Latest Release - Five Minutes
About this Artist
Kenneth Kemp sits in the window of a Dallas cafe, thoughtfully stirring a cup of coffee in the afternoon. For a guy who specializes in music designed to get people moving, he’s mild-mannered and soft-spoken. You would never guess that he’s the visionary behind the disco/punk music of Binary Sunrise. So it shouldn’t come as a shock that his self-titled debut sat quietly on Kemp’s shelf for three years before it was ever released.
But it wasn’t for a lack of trying to get it in the right hands. He had given it to all of his musician friends, and in the process acquired a backing band consisting of Dallas music veterans Steve Holt, Michael Castillo, and Elijah Stafford. But no labels were biting -- at least not right away. It wasn’t until Good Records Recordings label head Tim DeLaughter discovered the record quite some time after Kemp had given it to him, when he decided to sign Binary Sunrise.
The truth is, Binary Sunrise’s debut album has to grow on you. That’s because, upon first listen, it’s difficult to put a finger on what it is, exactly. There are elements of punk, brit-pop, disco, weird-soul, and new-wave smattered all over the record. But after a handful of listens, you start to get a glimpse of Kemp’s cohesive vision. He’s combining subtle aspects of music he grew up hearing to make something new.
Standout track “2005” is a highly danceable mix of new wave and disco, in which a tormented Kemp sings “I’ve been waiting for something to say for so long, I didn’t know when it’d come. And that it would feel like a parking garage collapsing on my heart.”
Memorable lyrics like that continue on other songs like “Let’s Get Trashed,” an upbeat Beatle-esque song where Kemp sings the catchy hook “Let’s get trashed and listen to Tangerine Dream.”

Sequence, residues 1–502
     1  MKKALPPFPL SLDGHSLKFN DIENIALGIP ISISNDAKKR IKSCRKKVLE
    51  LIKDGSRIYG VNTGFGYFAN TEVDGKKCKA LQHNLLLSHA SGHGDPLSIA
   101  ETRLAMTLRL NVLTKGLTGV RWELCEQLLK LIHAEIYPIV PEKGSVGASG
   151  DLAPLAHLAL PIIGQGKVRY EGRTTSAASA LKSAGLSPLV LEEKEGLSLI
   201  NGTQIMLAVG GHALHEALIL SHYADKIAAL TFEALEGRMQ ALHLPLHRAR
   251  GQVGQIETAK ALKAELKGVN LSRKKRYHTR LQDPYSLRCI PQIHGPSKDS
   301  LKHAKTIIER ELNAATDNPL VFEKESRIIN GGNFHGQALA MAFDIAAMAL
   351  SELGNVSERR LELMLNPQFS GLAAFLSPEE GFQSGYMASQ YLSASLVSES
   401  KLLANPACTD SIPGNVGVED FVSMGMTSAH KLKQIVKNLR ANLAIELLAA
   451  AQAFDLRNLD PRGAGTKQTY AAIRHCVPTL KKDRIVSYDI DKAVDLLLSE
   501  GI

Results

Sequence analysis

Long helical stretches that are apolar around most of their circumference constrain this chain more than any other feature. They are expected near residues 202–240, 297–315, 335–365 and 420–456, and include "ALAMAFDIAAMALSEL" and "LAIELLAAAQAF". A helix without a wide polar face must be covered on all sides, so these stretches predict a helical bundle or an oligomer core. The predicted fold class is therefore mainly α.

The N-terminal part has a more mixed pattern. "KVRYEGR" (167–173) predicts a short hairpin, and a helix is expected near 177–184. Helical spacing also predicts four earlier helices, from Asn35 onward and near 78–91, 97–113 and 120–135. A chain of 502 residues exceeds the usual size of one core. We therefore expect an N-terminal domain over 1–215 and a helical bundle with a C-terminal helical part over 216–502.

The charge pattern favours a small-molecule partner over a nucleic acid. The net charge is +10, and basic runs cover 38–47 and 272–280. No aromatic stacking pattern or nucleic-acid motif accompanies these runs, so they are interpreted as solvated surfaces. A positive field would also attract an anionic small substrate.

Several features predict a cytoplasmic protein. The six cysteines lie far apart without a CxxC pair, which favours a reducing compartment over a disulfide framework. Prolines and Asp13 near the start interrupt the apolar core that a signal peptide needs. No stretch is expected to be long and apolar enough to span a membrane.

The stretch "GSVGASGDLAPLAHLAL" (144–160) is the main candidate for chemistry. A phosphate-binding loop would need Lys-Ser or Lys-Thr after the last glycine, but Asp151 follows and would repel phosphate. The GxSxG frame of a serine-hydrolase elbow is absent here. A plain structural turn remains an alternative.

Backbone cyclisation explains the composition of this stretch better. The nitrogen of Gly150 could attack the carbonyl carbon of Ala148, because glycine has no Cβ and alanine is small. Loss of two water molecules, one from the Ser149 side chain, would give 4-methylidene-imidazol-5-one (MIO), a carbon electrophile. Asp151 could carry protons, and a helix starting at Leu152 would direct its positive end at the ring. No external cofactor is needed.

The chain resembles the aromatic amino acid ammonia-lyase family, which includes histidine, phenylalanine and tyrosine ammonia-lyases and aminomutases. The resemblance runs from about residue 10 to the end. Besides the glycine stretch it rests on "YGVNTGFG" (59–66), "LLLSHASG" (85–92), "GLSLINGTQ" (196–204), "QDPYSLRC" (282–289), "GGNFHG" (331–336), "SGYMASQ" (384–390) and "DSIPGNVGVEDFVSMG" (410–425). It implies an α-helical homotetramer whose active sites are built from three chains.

The album’s top song “Five Minutes” serves as its centerpiece. Kemp’s vocals twist and yelp over a disco rhythm as he begs for just a little more time. In addition to the song being the album’s best, it also points in the direction Binary Sunrise will take on their forthcoming effort.
“It’s going to have more of a disco edge and more of a punk edge,” says Kemp. “So it will be overtly louder with a four-on-the-floor rhythm. It’s going to be a stronger record rhythmically.”
Kemp says that part of the inspiration to move in a more energetic direction came from bringing in a backing band. Before he completed work on the debut album, he had never played with a live drummer or bass player, so the addition of Holt, Castillo and Stafford was an eye-opening experience for him.
“We’ve got such energy onstage,” says Kemp, “that I can’t help but want to harness that for the new record.”
But energy is only half of it. Kemp wants to use the basic aesthetics of disco to create something interesting. His plan is to tap into the dark yet optimistic side of the genre, but he knows he can’t do it without one key ingredient: rhythm.
“I’ve always been really taken by rhythm,” says Kemp. “And if it’s really strong, I’ll listen to it, and if it’s really trippy and really hypnotic, I’ll get lost in it.”
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